2017 National Jamboree subcamps will be named after national parks (with patches to match)

2017 National Jamboree subcamps will be named after national parks (with patches to match)
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The latest news from Scouting magazine’s blog for adult leaders.

2017 National Jamboree subcamps will be named after national parks (with patches to match)

By Bryan Wendell on Aug 26, 2016
2017 National Jamboree subcamp patchesIt’s the National Park Service’s 100th birthday, but you get the gift.

2017 National Jamboree leaders this week announced the creation of 22 special subcamp patches, each celebrating a different national park.

As first reported on the Summit Bechtel Reserve website, the 2017 National Jamboree subcamps have been renamed in honor of national parks — from Acadia in Maine to Zion in Utah.

What are subcamps? They’re where troops of Scouts and Venturers camp at the jamboree.

While days at the jamboree are spent kayaking, rock climbing, mountain biking, skateboarding, zip-lining, patch trading and more, nights are spent at one of six camps: A through F. Each camp is made up of several subcamps, given a number 1 through 4. Subcamps divide SBR’s 10,600 acres into manageable chunks.

You can see the complete subcamp patch set at the end of this post. And you’ll be able to purchase one patch — or, let’s be realistic, the complete set — at ScoutStuff.org in January.

And if you aren’t yet signed up to attend or serve on staff at next summer’s big celebration in West Virginia … Well, what are you waiting for? Go here to learn more.

Here are the subcamp numbers along with their national park names. See the patches at the end of this post.

A1 Acadia B1 Isle Royale
A2 Badlands B2 Crater Lake
A3 Ranier B3 Carlsbad
A4 Congaree B4 Shenandoah
C1 Denali D1 Guadalupe
C2 Mammoth Cave D2 Glacier
C3 Big Bend D3 Zion
C4 Everglades D4 Haleakala
E1 Yellowstone F1 Death Valley
E2 Yosemite F2 Katmai
F3 Mesa Verde
F4 Olympic

Acadia 2017 Jamboree subcamp patchBadlands 2017 Jamboree subcamp patchBig Bend 2017 Jamboree subcamp patchCarlsbad 2017 Jamboree subcamp patchCongaree 2017 Jamboree subcamp patchCrater Lake 2017 Jamboree subcamp patchDeath Valley 2017 Jamboree subcamp patchDenali 2017 Jamboree subcamp patchEverglades 2017 Jamboree subcamp patchGlacier 2017 Jamboree subcamp patchGuadalupe 2017 Jamboree subcamp patchHaleakala 2017 Jamboree subcamp patchIsle Royale 2017 Jamboree subcamp patchKatmai 2017 Jamboree subcamp patchMammoth Cave 2017 Jamboree subcamp patchMesa Verde 2017 Jamboree subcamp patchOlympic 2017 Jamboree subcamp patchRainier 2017 Jamboree subcamp patchShenandoah 2017 Jamboree subcamp patchYellowstone 2017 Jamboree subcamp patchYosemite 2017 Jamboree subcamp patchZion 2017 Jamboree subcamp patch

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U.S. Chamber of Commerce CEO to companies: Use Exploring to build a talent pipeline

By Bryan Wendell on Aug 26, 2016
Thomas Donohue at Top Hands 2016Thomas DonohueThomas Donohue, a Distinguished Eagle Scout who is president and CEO of the U.S. Chamber of Commerce, has a message for the 3 million businesses — companies large and small — who are members of the Chamber.

He says Exploring, the BSA’s hands-on career-development program for young people ages 14 to 21, is a powerful tool for companies looking to develop a talent pipeline.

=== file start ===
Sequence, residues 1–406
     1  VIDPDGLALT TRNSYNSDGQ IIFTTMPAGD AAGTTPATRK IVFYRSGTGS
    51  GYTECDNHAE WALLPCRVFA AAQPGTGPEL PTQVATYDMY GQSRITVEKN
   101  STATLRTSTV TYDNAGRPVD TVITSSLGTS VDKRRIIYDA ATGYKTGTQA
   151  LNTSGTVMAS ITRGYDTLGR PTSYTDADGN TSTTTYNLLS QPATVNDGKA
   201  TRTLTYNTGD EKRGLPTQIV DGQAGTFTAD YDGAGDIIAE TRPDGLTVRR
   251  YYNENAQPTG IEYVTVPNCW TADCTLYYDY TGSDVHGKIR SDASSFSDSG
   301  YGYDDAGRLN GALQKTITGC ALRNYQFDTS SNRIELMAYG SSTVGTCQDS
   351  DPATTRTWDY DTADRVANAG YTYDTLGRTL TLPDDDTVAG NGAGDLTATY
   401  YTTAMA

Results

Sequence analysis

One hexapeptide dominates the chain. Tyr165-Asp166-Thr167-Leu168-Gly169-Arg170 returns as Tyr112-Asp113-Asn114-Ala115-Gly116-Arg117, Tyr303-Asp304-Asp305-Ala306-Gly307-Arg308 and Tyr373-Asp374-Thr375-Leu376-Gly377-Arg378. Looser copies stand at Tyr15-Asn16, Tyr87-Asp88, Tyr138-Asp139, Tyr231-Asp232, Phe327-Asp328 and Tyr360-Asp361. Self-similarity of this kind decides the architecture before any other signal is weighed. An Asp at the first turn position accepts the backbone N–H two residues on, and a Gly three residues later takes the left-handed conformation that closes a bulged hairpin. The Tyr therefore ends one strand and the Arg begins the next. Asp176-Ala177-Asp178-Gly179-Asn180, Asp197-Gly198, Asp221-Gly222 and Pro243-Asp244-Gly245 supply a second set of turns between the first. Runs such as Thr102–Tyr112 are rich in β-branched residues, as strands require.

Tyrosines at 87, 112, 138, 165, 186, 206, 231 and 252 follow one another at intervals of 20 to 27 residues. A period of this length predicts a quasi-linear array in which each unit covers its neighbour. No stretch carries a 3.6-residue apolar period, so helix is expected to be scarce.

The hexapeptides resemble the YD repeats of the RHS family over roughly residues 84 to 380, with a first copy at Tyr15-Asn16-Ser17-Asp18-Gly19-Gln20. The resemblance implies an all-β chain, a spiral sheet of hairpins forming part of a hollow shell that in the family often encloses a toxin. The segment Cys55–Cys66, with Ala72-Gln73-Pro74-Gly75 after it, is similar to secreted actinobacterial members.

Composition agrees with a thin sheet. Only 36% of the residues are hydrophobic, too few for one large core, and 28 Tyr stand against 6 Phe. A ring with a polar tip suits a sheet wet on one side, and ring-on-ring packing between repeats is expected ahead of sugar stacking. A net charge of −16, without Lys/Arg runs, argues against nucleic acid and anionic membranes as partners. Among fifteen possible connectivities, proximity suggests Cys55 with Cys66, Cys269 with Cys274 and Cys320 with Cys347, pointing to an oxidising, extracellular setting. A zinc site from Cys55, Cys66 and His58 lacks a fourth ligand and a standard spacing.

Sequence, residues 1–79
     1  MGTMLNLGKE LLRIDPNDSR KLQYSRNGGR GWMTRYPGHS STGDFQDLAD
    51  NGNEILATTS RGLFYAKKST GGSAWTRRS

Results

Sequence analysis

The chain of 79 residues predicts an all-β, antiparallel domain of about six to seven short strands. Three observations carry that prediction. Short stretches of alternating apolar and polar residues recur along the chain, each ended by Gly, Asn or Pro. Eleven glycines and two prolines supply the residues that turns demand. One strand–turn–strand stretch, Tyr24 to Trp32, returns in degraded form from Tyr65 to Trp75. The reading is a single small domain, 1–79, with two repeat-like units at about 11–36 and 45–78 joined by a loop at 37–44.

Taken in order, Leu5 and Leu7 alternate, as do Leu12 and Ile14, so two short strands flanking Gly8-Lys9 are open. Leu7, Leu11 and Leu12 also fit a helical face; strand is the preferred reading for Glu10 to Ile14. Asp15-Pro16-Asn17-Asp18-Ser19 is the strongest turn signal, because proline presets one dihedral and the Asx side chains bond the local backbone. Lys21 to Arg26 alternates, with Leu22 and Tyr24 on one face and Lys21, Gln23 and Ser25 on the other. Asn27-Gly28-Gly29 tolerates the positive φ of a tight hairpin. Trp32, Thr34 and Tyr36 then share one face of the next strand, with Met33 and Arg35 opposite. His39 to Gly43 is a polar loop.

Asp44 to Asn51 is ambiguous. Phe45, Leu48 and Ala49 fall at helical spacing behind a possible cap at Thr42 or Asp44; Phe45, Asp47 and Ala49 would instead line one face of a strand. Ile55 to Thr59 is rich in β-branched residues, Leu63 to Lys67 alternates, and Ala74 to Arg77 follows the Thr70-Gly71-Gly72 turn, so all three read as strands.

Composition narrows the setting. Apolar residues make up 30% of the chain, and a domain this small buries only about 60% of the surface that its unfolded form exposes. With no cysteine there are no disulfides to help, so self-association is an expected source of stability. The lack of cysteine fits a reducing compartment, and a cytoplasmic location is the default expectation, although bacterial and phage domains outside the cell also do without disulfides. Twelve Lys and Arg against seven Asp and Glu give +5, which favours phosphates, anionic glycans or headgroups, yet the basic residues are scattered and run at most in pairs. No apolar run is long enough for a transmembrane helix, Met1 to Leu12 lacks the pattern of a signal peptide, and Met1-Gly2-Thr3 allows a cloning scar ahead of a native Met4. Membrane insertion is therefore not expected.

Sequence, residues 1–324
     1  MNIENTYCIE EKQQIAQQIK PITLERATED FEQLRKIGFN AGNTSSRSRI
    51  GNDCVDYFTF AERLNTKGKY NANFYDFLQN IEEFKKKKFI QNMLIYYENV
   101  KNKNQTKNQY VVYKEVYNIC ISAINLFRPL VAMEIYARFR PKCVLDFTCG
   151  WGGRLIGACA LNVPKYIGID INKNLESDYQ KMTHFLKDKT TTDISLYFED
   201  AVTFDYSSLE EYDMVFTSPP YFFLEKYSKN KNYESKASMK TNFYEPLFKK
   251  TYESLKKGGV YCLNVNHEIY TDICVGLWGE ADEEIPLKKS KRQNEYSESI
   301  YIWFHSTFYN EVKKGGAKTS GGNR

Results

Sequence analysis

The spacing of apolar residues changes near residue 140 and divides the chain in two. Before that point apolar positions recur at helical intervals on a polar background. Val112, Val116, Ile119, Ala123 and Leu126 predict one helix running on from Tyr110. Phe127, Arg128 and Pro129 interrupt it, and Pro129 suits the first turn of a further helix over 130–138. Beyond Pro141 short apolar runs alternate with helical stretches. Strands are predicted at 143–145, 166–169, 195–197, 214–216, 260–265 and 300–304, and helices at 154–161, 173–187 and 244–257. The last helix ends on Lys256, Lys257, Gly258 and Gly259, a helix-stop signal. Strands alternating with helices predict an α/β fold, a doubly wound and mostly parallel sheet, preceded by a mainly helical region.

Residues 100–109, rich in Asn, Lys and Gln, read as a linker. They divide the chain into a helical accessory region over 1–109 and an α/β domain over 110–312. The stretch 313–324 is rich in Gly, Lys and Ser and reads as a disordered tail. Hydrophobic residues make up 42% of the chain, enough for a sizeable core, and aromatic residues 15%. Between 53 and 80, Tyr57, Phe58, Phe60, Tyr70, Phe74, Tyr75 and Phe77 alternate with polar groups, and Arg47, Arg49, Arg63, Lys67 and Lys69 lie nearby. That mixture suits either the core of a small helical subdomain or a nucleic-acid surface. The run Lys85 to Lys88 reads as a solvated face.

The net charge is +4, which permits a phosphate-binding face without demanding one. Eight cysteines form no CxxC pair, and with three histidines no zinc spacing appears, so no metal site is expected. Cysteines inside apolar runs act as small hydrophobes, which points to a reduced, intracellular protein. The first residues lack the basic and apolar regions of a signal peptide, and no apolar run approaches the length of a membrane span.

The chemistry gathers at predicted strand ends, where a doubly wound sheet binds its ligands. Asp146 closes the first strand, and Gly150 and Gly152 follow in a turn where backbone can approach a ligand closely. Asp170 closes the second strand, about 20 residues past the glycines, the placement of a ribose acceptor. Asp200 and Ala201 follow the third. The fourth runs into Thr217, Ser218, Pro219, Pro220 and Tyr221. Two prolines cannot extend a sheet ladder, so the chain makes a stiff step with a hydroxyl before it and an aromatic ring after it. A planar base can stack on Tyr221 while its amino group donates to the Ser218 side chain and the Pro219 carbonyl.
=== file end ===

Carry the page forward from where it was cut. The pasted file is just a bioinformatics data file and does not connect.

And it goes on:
“Exploring is not just a good thing to do,” he said. “Exploring is a smart way to identify, train and recruit young talent.”

Donohue, a former professional Scouter with three Eagle Scout sons, delivered a keynote address Thursday morning at the BSA’s Top Hands meeting in New Orleans. He says companies who create and sponsor an Exploring post will inevitably have a position to fill down the road. And when they do, he says, they’ll think of Exploring. Because they know hiring a former Explorer isn’t like hiring some stranger off LinkedIn.

Explorers acquire the skills, experience and character to succeed. They learn things like duty, honor, teamwork, confidence and the ability to always Be Prepared.

Donohue, who has built the Chamber into a lobbying powerhouse on Capitol Hill, knows this well because he got his start in Scouting.

“The character and leadership skills I learned as a Boy Scout and then as an Eagle Scout have served me well,” he said.

Scouting skills helped Donohue in some unexpected ways. When he visited 140 cities in a single year, he had to Be Prepared for life on the road. A 2000 story in the New York Times offered a look inside this Eagle Scout’s briefcase:

His briefcase contains an elaborate array of toiletries and first-aid gear — ”my travel-everywhere packet” — as well as vitamins, a two-year appointment calendar, schedules for basketball and hockey games at Washington’s MCI Center, a road atlas, earplugs and a small screwdriver for repairs to eyewear.

So what can you do?

Donohue encourages council professionals and volunteers to establish relationships with their local chambers and grow Exploring.

“If we combine our resources, our reputations, our reach and our shared message. … And let people know that we’re committed to improving our communities and the lives of young Americans, we can make a real difference,” he said.

When Exploring grows, a council develops powerful contacts within its community. That leads to new board members and potential donors, which lead to more capacity to grow Cub Scouting and Boy Scouting.

Translation: When Exploring grows, Scouting grows.

And when Scouting grows? America benefits.

“The leadership and values of Boy Scouting are needed more than ever before to help solve our nation’s great challenges,” Donohue said. “If you do nothing else in your work, give America’s young people a positive view about our country and their future and help them get there.”

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